Recycling Ambassador Training

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COLUMBIA - The city is calling for volunteers who are passionate about sustainability to become recycling ambassadors.

The Recycling Ambassador Program is open to the public, and training will take place Tuesday evening at the ARC, from 6-8 p.m. Columbia’s volunteer programs specialist, Jody Cook, said all are welcome to enroll in the program.

“We have a wide range of ages and backgrounds, and the average recycling ambassador generally already has an interest in environmental issues,” Cook said.

Recycling ambassadors will participate in various events throughout the year and must complete a minimum of 12 hours educating the community on recycling and waste reduction. Cook said although recycling “should be something everything just does,” she said some community members do not realize its importance.

“Recycling is the greatest way an individual can make an impact on sustaining our environment for future generations, but very few people in the grand scope of things recycle,” she said.

Different communities have different rules for sorting materials, and Cook said educating residents on these specific requirements is a key reason why the city needs recycling ambassadors.  

Hannah Peterson, who has served as a recycling ambassador since February, said she enjoys volunteering at household hazardous waste drives and Columbia’s Earth Day celebration. She said volunteering at Earth Day is just one way being an ambassador can make a difference in the community.

“People from all different backgrounds and all walks of life come to that festival and get to interact with environmental things and social causes,” Peterson said.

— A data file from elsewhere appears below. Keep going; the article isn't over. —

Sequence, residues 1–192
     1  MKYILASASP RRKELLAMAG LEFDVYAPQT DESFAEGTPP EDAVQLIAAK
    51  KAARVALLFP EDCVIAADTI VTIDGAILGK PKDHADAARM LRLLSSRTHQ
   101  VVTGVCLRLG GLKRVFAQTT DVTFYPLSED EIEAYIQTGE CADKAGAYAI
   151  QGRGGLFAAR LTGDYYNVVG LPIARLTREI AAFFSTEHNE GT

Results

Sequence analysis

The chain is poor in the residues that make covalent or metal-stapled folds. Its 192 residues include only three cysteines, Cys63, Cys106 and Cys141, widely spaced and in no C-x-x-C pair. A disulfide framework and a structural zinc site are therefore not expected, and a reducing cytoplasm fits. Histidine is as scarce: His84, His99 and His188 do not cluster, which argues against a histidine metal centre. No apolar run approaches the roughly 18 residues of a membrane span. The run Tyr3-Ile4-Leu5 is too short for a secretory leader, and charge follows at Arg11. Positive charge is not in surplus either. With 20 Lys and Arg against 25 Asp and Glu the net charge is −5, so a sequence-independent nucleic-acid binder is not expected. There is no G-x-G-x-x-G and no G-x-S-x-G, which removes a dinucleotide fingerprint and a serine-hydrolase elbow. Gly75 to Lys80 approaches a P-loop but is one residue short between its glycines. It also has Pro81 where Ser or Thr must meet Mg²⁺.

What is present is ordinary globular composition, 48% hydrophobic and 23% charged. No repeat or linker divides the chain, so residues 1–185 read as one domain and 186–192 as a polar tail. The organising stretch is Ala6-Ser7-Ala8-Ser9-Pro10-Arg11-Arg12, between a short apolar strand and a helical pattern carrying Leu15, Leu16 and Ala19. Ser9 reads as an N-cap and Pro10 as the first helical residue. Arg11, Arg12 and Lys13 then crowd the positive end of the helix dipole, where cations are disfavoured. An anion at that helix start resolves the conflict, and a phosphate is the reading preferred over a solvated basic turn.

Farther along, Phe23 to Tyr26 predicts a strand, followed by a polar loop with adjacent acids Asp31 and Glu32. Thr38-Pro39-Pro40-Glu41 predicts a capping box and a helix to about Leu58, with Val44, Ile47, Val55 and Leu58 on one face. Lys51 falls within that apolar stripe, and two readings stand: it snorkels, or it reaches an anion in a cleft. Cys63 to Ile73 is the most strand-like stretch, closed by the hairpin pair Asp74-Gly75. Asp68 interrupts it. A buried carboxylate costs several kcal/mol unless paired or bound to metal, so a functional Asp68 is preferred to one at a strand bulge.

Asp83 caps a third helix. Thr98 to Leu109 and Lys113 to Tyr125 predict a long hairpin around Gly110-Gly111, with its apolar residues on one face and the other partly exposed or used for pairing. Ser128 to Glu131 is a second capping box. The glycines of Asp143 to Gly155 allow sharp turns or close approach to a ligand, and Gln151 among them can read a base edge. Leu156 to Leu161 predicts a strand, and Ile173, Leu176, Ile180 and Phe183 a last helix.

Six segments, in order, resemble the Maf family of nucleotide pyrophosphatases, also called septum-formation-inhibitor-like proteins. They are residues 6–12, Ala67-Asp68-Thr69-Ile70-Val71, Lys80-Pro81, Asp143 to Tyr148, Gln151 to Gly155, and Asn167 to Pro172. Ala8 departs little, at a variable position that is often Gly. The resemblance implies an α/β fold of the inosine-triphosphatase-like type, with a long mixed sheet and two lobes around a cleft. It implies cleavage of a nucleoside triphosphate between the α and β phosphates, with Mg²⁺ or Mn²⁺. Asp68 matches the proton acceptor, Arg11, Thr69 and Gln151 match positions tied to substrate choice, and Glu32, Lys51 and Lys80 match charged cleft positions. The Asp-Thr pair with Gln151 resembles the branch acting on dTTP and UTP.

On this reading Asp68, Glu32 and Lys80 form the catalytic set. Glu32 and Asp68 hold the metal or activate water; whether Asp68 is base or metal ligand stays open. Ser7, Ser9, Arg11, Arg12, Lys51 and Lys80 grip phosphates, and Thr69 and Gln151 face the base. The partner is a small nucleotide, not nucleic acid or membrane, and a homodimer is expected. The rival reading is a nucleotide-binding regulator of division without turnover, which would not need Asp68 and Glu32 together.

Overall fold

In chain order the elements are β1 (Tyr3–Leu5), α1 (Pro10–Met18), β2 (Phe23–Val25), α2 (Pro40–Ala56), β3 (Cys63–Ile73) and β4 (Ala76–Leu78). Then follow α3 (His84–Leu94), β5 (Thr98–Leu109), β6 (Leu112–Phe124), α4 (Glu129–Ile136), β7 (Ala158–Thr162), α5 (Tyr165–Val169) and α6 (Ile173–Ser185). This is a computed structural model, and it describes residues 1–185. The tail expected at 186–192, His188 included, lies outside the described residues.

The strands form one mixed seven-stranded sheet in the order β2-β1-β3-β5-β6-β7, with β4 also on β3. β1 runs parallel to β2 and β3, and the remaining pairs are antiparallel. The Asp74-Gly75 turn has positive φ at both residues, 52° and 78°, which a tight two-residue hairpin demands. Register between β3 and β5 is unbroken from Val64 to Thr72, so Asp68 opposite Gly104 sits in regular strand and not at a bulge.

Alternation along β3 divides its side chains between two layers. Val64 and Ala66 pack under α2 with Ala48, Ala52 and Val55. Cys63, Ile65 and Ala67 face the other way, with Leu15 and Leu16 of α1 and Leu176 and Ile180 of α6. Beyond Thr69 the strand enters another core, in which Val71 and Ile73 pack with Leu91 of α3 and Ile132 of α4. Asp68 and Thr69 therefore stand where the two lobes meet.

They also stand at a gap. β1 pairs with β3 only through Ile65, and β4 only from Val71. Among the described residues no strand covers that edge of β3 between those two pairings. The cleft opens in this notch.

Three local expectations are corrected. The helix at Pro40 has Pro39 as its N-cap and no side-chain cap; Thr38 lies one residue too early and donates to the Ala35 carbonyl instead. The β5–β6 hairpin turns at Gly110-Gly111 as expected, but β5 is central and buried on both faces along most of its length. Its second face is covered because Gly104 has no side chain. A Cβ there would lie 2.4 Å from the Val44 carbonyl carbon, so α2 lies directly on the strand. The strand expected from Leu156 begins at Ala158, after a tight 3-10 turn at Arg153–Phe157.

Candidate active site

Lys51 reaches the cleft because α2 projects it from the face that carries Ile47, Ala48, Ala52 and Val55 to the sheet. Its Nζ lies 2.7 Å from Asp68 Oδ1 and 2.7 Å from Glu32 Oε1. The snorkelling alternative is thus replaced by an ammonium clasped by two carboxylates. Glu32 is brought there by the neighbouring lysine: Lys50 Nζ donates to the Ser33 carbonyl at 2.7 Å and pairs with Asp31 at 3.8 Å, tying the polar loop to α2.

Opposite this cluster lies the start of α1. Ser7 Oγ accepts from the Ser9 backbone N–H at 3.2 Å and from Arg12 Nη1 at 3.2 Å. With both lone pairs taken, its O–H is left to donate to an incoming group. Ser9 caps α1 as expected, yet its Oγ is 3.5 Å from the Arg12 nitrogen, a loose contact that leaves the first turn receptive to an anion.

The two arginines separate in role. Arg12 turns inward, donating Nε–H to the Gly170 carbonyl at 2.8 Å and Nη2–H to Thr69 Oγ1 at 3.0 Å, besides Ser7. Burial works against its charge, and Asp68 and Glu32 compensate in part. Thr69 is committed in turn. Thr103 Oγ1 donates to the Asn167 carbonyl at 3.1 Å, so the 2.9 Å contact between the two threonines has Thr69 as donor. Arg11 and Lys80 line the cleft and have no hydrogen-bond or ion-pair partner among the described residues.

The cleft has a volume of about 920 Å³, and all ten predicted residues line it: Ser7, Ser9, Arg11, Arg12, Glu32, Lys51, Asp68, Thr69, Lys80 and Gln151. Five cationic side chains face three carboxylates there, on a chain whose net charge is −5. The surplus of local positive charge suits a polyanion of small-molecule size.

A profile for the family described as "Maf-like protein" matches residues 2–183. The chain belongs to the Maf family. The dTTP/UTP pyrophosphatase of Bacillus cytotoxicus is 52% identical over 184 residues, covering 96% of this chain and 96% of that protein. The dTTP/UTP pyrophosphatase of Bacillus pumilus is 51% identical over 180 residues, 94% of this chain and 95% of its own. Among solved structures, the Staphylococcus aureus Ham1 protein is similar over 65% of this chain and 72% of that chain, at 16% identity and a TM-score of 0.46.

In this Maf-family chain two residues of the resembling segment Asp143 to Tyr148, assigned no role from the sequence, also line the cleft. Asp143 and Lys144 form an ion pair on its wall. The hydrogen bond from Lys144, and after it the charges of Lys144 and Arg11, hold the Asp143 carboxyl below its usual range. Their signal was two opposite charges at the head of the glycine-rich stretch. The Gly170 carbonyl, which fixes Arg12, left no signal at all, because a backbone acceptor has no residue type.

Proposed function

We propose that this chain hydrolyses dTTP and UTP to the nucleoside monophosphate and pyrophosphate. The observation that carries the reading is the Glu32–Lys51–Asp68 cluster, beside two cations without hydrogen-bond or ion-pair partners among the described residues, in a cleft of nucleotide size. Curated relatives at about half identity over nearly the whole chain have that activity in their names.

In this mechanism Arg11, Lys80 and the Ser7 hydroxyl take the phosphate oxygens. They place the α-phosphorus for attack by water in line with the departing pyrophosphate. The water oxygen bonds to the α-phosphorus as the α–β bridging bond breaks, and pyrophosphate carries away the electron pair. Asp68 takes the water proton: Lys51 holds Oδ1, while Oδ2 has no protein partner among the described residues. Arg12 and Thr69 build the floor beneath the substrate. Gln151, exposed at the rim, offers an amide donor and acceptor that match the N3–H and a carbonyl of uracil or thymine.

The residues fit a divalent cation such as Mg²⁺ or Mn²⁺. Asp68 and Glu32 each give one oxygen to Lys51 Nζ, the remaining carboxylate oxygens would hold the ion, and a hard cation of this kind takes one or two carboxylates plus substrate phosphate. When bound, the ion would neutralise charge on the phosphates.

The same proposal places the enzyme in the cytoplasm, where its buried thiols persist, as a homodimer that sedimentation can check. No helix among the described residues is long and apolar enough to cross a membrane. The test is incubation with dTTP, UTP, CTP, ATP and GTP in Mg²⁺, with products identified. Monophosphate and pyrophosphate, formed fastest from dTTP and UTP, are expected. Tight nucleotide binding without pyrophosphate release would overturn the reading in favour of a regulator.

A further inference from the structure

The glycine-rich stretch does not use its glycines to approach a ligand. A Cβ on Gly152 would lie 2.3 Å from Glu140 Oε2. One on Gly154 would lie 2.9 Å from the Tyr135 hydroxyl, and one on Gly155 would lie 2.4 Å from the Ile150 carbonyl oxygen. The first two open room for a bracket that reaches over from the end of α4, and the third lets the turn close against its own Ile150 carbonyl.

Working at the MU Sustainability Office, Peterson said she sees the importance of educating college students on sustainability methods.  

“Students and young people are the future of our world and our working force,” she said. “Without the knowledge of how to sustain our earth, how to sustain our resources, how to sustain our communities, things are quickly degrading, and a lot of people may be unaware of that.”

Peterson said she encourages anyone with a passion for sustaining the earth and caring for nature to consider becoming an ambassador.

“This is an awesome opportunity,” she said. “Not only do you get to learn about it more and be engaged with the city, but you also get to transfer that knowledge to others.”

Cook said last session there were about 25 ambassadors. She said she anticipates at least 15 will return for another year. For more information on how to enroll, visit the city’s volunteer webpage here.

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